But her forehand sailed long. Match point saved for Zvonareva, and things only got stranger from there. Lisicki, who had scored her sixth top ten win (first since '09) in April in Stuttgart against Na Li, started to feel the effects of all the stress on her body. Quickly she lost the next two games, then called for the trainer at the changeover.

While Lisicki's blood pressure was checked, Zvonareva --- the consummate professional throughout all of this -- first waited with a towel over her head, then as the medical staff around Lisicki grew, the cool-headed (believe it, it's true) Russian headed to the back of the court to do some footwork drills and keep her blood flowing.

After what seemed like an eternity, Lisicki took the court again. When she did, she had very little petrol in her tank. She did manage to fight off Zvonerava's first match point, but that would only serve to prolong Lisicki's suffering. In the end Lisicki was reduced to tears, as Zvonareva pulled away with a 4-6, 7-5, 7-5 victory. The 21-year-old Lisicki was emotionally and physically distraught, drained to the nth degree, and eventually had to be lifted off the court on a stretcher.

I'll let the video tell the story:

Let's hope that when Lisicki reflects on this match in the days to come, she'll realize that she put herself in position to upset one of the top players in the world on the Grand Slam stage, and there's a lot to be said for that.

After hearing Pam Shriver's report that treatment was closed and that Lisicki was okay, Daren Cahill said on ESPN: "When the dust settles hopefully Sabine will look back and say 'You know what? I need to get fitter and stronger so that this never happens again.'"

Overshadowed by the theatrics, was the fact that Vera Zvonareva dodged a serious bullet in this match, and she did so by dealing with adversity like the seasoned veteran that she is. When faced with a long delay after the 9th game of the third set (and still a game away from a 2nd round loss), Zvonareva never lost sight of her mission, and when Lisicki returned to the court, she was there ready to apply more pressure and get the win.

Zvonareva will next meet Anastasia Rodionova in the third round.

Monday, May 23, 2011

Schiavone: The Soul of Tennis

Defending champion Francesca Schiavone returned to Court Philippe Chatrier on Monday and picked up where she left off last year.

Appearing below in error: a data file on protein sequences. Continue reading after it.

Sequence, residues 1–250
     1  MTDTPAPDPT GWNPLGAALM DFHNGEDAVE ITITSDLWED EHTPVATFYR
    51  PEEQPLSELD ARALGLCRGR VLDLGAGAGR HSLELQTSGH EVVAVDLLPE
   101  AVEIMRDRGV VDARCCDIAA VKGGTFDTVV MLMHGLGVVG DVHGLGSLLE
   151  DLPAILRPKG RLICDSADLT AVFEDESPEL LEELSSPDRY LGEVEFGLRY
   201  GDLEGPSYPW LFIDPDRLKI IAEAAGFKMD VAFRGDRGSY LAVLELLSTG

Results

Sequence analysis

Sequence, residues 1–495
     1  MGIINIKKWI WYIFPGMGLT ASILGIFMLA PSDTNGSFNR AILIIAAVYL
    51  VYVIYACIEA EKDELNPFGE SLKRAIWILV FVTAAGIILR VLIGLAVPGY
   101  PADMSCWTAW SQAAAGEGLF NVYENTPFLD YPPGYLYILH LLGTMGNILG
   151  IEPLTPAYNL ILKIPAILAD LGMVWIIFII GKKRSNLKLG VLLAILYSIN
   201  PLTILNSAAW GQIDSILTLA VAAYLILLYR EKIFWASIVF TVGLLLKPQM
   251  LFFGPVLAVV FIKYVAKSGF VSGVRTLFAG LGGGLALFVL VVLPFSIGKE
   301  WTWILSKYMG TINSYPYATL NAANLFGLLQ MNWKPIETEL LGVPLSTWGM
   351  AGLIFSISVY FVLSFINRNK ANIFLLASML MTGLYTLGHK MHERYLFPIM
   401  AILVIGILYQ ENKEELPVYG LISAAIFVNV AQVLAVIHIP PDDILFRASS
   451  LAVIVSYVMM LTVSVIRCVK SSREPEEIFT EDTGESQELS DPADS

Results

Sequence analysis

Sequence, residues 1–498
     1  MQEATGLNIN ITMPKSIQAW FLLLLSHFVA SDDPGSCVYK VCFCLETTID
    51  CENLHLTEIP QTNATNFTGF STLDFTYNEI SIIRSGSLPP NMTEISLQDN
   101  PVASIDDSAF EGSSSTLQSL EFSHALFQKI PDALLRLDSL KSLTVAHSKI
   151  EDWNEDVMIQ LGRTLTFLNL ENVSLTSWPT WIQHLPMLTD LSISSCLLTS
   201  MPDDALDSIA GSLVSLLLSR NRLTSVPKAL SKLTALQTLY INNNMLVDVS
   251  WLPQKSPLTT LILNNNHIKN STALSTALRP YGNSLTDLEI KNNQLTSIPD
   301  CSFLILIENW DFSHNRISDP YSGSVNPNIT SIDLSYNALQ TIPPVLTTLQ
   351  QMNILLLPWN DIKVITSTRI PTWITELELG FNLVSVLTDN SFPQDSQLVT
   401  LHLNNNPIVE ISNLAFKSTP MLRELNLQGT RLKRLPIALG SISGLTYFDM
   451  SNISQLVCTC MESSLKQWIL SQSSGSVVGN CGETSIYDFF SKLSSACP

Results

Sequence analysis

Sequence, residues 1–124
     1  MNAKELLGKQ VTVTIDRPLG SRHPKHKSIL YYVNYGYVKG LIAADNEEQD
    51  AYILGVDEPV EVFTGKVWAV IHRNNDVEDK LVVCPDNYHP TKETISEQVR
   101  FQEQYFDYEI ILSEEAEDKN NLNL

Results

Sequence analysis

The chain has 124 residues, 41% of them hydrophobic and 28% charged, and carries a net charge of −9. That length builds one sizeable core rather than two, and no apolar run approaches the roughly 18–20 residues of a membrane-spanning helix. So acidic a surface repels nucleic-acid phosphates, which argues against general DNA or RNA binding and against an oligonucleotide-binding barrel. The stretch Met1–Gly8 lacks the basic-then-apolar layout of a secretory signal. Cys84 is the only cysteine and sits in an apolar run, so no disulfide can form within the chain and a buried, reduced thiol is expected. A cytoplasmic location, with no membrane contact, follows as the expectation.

It's been 50 weeks since Francesca Schiavone won the French Open last year. I should be over it. It should feel like it's old news. But somehow, the magic of Schiavone -- of what she accomplished and how she accomplished it (so much freaking GUSTO) -- remains with me.

And the more I think about it, reflect on it, and mull it over, I realize that to me it was perhaps the greatest tennis moment I've ever witnessed. I can't really explain why it is I feel that way. We each have our own ideas of what is truly inspiring, what is truly captivating, and what will last in our hearts forever. For me, it was Schiavone's run last year. Yes, it was about the tennis, but it was also about something soulful, something human, something that not even Federer, Nadal, or anyone else that I can remember has ever given to me.

I do believe that for me, Schiavone is the soul of tennis. And the reason they talk about women's tennis being in a dead period is because "they" refuse to open up and see what is absolutely gorgeous about it right now. That a woman like Schiavone, a virtual journeywoman for her whole career, can grow and grow and work and work, and eventually reach the pinnacle of the sport, is perhaps the best endorsement for the game that it could ever want.

Hope is a part of the equation, and if you can dream it, you can do it.

So, while everybody else wants to lament the missing Williams sisters, Henin's retirement and the legitimacy of the current No. 1, I invite you to join me in celebrating the spirit of Schiavone and others like her on the women's tour.

Francesca's bubbly spirit was intact today on Chatrier, and the result was a breezy 6-2, 6-0 win for the Italian.

To see her impose her all court game on young American Melanie Oudin was a sight to behold, and it triggered a flood of memories that served to remind me just how unique a talent Schiavone is. With her, it's not only about the tennis; it's about the tactics, the intensity, the courage, and something else — something joyous.

Martina Navratilova was also impressed. "I might have to revise my favorites for the tournament," she said during the first set of her match against Oudin. "She is striking the ball really well."